The best indication of how serious the email revelations are is the fact that the windbag occupying the White House actually paused for breath. For a few days, President Trump made zero public appearances and issued few tweets. Then he scuttled off to France, where he literally hid away up in a tower, stuffing himself with rich food while the locals celebrated the French Revolution far below, in streets that had been designated “No Trump Zones.”
When Day Is Night and Night Is Day, It’s Hard to Tell Time
It would have been unimaginable in the days before Trump’s reign of lies, but the president and the Republicans who support him are trying to downplay the Russian collusion revelations—and they just may get away with it. Like his son and namesake, the president of the United States embodies and encourages the debasement that’s swallowing up what’s left of America’s critical thinking and moral compass. We’ve long been a nation where individuals can differ passionately, sometimes fatally, about what’s right and wrong. But under Trump, we’ve become a country where right and wrong simply don’t matter.
Catch me red-handed in the act of stealing, murdering, or colluding with a hostile government? No problem. I’ll just yell, “Fake news” and keep on going.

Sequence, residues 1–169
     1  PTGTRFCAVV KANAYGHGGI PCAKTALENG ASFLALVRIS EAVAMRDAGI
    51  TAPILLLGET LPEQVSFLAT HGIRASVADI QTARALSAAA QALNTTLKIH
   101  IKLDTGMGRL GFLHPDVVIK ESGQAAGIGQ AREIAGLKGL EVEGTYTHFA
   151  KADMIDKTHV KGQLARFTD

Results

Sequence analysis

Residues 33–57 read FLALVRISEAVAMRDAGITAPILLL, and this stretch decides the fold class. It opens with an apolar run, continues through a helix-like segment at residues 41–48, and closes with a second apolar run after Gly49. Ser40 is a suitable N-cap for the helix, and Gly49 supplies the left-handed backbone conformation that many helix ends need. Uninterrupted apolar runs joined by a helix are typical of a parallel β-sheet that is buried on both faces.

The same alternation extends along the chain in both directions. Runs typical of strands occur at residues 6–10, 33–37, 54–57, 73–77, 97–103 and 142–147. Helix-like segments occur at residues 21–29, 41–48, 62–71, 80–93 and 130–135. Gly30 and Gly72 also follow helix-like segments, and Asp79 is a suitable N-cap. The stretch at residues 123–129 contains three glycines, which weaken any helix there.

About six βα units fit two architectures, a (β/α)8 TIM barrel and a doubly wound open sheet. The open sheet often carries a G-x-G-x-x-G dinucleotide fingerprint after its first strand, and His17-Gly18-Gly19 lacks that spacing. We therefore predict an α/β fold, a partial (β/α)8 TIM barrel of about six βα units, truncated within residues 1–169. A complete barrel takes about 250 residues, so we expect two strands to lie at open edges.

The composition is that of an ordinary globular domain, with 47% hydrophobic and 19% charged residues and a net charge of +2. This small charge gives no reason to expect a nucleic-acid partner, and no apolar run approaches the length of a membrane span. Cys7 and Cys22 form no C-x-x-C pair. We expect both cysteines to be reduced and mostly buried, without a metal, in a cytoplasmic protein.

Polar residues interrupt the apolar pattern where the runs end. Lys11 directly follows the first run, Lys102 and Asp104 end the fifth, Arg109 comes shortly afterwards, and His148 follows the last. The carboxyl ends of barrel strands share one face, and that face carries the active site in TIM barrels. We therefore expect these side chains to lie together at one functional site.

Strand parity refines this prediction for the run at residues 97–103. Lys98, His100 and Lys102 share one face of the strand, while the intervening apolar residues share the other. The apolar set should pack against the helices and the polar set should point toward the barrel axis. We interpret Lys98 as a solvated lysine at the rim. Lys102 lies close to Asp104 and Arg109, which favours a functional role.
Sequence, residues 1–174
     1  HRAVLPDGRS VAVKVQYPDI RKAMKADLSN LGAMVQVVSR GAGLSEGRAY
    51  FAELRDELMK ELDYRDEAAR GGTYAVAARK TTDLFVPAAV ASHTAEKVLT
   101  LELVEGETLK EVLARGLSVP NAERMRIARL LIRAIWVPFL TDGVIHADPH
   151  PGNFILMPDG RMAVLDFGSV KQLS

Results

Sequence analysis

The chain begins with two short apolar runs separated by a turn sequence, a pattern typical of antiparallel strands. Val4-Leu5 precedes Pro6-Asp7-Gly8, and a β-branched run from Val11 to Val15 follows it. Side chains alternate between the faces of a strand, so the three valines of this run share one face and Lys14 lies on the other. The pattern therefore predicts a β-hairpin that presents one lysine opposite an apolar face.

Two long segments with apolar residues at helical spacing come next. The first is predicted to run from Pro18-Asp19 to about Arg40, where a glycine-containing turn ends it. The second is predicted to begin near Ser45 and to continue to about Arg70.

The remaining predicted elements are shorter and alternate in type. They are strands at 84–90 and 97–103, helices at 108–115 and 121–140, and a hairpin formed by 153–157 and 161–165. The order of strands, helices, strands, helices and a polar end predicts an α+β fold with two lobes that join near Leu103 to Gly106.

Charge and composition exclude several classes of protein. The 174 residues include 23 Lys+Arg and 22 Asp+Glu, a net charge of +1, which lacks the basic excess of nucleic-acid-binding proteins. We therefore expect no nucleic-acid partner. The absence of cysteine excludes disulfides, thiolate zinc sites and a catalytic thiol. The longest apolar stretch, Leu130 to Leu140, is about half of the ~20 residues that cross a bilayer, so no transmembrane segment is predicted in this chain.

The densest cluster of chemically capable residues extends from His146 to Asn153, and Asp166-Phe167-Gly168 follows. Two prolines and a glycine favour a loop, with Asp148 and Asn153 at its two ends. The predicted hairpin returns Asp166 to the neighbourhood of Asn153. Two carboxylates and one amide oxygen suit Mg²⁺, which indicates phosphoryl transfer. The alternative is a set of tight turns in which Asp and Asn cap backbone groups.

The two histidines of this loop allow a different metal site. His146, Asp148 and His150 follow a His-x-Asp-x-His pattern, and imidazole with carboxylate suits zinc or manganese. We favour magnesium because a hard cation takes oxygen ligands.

Hannah Arendt’s analysis of the trial of Nazi leader Adolf Eichmann warned of “the fearsome, word-and-thought-defying banality of evil.” The last three words are the ones she’s most famous for, and they’re often applied to President Trump. But the words that preface them are a chilling summation of American political discourse today. Is there a better description of the garbage language and logic that Trump and his minions spew out every day than “word-and-thought-defying?”
“We are dying, slowly, of stupidity,” is how Jill Lepore put it in The New Yorker last month. I tend to agree—but some of us seem to be more advanced cases than others.
On July 12, on his way to France to ogle the country’s First Lady and ruin Bastille Day for Parisians, Trump appeared to sympathize with the plight of Republican senators back home, who had heroically postponed their summer vacations in the hope of stripping away healthcare from the poor and disabled. Trump informed the reporters aboard Air Force One that getting to 50 votes is “this narrow road that’s about a quarter of an inch wide.” In an expansive mood, he added that, “I’d say the only thing more difficult than peace between Israel and the Palestinians is healthcare.”